Ford/Microsoft Steal Car Audio Show at CES
Ford received two Innovations Awards at the 2010 Consumer Electronics Show, marking the first time a car maker walked away with the plum achievement in consumer electronics. Ford is also the first CE company (yes, it really is a CE company) to let users receive Tweets (by voice) as they drive. It’s also the first vendor to give users cellular and Wi-Fi access via an air card connection in the radio.
My question is why hasn’t Pioneer, Kenwood or Alpine given us this level of innovation? None of the car audio companies at CES offer an air card option in the radio.
Before I answer… a little more on Ford.
In yet another first, Ford will offer voice control over Pandora, as well as Twitter and Stitcher, streamed from a phone. Pioneer and Alpine will offer Pandora control from the radio but not spoken control, such as “Play Modest Mouse radio.”
And… Ford is talking to Google about bringing services to the car such as Google voice search as you drive.
It’s not just Ford eating the aftermarket’s lunch. Kia Motors is now partnering with Microsoft—the company which helped Ford develop the above innovations. Kia is planning for this year a radio called UVO (Your Voice) that mimics what the Ford Sync radio offered two years back—the ability to connect most gadgets to the radio including a Bluetooth phone, and then to control the music on an iPod or cellphone by natural voice commands.
Fiat also offers a Blue&Me radio in Europe built on Microsoft technology with similar features as the Kia UVO. Now the Fiat 500, as well as the radio, are heading to the U.S.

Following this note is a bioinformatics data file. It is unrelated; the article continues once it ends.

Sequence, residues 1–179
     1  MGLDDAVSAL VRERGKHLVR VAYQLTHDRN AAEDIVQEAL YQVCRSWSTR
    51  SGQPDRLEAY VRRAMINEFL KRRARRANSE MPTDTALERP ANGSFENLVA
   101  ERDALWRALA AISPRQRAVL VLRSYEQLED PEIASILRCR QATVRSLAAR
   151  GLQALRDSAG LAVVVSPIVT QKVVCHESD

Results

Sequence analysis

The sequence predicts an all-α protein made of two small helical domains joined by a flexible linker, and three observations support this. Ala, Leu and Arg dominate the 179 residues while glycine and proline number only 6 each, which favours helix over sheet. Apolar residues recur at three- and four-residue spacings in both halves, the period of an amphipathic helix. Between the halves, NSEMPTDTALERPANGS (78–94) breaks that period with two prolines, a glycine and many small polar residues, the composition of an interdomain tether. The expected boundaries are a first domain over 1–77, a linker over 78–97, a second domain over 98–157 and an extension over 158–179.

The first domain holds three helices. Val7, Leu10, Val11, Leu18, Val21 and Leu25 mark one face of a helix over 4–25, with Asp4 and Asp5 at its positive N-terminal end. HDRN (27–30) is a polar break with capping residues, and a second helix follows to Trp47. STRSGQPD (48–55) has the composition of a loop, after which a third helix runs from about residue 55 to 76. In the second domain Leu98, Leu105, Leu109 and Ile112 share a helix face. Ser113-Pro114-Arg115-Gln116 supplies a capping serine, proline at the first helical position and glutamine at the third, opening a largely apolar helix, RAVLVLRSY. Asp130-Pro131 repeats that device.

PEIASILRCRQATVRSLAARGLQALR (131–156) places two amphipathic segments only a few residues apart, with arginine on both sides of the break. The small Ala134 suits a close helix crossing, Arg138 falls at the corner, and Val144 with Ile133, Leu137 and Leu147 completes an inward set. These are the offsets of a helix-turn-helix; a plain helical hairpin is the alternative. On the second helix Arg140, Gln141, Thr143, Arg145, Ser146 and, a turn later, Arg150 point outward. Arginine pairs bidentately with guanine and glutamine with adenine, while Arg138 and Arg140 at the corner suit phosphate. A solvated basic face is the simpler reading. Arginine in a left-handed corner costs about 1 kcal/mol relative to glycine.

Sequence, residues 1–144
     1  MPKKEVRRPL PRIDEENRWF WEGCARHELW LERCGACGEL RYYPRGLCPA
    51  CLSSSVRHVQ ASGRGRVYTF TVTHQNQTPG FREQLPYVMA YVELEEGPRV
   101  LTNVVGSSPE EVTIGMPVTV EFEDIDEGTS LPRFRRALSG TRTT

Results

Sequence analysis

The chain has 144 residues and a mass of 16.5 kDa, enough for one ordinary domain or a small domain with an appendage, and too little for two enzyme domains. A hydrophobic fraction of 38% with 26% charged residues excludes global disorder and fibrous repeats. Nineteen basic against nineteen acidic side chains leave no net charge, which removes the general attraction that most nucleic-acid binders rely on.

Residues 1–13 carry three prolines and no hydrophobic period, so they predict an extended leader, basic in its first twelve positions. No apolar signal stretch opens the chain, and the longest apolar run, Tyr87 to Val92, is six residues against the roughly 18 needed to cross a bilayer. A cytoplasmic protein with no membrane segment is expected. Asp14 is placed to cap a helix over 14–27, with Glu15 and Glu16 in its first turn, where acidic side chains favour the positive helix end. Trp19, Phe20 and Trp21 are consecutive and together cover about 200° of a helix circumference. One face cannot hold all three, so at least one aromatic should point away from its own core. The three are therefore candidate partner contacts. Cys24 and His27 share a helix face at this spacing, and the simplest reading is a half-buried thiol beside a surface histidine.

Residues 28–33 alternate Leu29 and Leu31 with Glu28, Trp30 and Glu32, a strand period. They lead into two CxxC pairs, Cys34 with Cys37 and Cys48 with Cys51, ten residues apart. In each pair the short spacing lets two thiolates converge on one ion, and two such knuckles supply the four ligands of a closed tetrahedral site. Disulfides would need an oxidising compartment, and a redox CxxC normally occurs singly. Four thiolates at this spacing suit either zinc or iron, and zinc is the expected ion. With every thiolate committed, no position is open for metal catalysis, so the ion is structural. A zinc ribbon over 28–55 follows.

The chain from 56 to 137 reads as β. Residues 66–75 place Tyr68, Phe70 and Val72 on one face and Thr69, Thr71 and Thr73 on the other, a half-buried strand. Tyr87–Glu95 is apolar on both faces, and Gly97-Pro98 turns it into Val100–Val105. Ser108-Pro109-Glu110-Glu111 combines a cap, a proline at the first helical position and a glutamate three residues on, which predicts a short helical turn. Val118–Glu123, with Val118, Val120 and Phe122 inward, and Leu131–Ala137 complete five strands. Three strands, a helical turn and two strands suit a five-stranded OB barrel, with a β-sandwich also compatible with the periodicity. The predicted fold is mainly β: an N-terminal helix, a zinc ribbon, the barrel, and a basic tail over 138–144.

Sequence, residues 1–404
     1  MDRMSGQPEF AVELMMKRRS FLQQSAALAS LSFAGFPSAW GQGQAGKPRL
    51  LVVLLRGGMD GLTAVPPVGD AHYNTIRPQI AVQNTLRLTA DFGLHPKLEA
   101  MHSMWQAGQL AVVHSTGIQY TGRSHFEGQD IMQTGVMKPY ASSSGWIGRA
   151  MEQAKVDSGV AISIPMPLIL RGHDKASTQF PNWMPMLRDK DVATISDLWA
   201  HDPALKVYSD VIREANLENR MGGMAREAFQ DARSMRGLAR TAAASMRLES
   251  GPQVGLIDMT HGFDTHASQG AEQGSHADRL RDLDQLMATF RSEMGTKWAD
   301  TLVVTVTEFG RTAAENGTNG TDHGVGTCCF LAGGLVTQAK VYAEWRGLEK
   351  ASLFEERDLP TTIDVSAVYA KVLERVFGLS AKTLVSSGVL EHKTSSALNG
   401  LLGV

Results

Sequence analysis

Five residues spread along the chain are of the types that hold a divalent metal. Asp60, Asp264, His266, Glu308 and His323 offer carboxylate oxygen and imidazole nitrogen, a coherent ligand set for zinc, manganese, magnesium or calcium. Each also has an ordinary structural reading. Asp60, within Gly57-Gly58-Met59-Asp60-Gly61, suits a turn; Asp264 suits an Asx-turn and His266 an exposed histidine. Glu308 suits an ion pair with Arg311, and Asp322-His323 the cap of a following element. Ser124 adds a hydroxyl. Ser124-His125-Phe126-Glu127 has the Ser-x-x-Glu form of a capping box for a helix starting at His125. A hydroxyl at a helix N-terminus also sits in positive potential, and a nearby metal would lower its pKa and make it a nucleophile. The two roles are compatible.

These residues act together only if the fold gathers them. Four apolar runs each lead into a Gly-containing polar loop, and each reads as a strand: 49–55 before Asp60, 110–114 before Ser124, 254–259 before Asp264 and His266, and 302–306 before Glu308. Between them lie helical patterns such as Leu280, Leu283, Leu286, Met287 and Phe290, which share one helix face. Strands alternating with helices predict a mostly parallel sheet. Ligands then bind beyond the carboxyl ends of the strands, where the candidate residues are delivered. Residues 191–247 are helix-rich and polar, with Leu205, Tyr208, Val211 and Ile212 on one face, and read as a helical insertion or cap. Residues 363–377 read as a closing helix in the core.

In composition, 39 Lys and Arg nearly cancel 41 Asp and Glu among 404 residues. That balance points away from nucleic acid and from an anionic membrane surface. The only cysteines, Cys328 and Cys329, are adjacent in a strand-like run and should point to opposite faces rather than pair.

Hughes Telematics is also offering an advanced car system through Mercedes Benz and planning to add some whiz bang audio advancements in the not so distant future (I’ll get to that in an upcoming blog).
The aftermarket’s modus operandi is to keep a step ahead of Detroit by plying the car with technology. But since CES 2009, it appears the aftermarket has ceded its advantage to Microsoft, Ford and soon other car makers.
So I return to my question. Why didn’t aftermarket suppliers offer air card Internet two years ago? Or last year? When polled, one honest supplier at CES admitted, “no one wanted to be first.” It’s a big investment in redesigning the radios and times are too tough to make that kind of commitment, he said, adding, “Companies are more conservative than they were ten years ago.”
Pioneer and others will tell you that they didn’t want to require consumers pay additional monthly air card fees. But the point is, some of these consumers already own an air card (ever hear of netbooks)? Anyway, new technology goes to early adopters, remember?
Contrast this attitude to Ford’s statement in the CES keynote address by CEO Alan Mulally: “Broadband access will be the signature DNA of all Ford products worldwide.”
Yes, there’s some innovation in the aftermarket. Audiovox is trying, at least, with FLO TV. But why isn’t Mobile DTV—a new free TV service–displayed as a prototype at every 12-volt booth at CES?
When it comes to the aftermarket, some of the biggest innovation will come from smaller starts ups, said Al & Ed’s Autosound president Gabi Maschal. Autonet Mobile is an example, as is Mobileye. So, Al & Ed’s believes more of its business will shift to smaller vendors. Rather than 80 to 90 percent of its supply coming from three large vendors, the chain says 50 percent of its business will come from smaller vendors.
Also, Audiovox said it is looking at offering add-on products for the Ford Sync. Hmmm. What would you add?